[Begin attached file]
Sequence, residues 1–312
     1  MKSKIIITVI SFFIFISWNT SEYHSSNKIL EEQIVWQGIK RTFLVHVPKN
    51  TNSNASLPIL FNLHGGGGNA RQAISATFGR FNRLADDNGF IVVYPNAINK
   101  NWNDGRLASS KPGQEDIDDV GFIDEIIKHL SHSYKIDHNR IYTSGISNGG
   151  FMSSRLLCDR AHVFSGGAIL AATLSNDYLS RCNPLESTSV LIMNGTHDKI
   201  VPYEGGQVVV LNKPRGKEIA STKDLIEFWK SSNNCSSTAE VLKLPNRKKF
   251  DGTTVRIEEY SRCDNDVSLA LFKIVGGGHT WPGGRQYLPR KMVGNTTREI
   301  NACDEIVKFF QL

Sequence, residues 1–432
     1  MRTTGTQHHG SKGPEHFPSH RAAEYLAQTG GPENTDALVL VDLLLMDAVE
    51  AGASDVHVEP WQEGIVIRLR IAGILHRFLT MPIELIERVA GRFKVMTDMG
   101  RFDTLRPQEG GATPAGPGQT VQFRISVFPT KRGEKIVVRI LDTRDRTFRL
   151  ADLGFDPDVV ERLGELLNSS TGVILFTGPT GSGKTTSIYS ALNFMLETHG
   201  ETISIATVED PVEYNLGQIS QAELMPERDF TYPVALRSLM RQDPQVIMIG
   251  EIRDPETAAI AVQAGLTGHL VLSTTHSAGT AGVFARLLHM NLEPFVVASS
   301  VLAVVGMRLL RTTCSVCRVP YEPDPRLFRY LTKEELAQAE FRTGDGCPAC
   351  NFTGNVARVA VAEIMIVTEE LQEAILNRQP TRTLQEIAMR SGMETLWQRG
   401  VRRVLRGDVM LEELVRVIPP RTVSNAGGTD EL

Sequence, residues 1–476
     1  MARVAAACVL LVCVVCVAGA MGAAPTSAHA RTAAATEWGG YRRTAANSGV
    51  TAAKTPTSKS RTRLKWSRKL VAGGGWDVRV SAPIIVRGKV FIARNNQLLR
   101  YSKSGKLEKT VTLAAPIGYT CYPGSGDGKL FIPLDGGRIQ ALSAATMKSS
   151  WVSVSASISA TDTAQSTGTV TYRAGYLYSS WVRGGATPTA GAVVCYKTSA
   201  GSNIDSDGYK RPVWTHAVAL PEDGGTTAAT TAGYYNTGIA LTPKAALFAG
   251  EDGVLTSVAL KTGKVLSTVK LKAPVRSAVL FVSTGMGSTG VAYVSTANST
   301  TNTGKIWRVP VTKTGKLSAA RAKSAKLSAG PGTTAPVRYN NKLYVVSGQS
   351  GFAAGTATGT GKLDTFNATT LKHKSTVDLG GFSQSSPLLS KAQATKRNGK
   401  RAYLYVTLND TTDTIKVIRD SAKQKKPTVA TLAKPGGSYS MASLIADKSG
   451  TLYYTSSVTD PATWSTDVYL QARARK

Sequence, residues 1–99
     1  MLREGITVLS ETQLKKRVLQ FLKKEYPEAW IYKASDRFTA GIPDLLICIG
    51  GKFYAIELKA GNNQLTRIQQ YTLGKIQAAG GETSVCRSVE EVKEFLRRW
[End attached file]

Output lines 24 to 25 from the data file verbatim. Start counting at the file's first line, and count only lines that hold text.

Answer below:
   201  GSNIDSDGYK RPVWTHAVAL PEDGGTTAAT TAGYYNTGIA LTPKAALFAG
   251  EDGVLTSVAL KTGKVLSTVK LKAPVRSAVL FVSTGMGSTG VAYVSTANST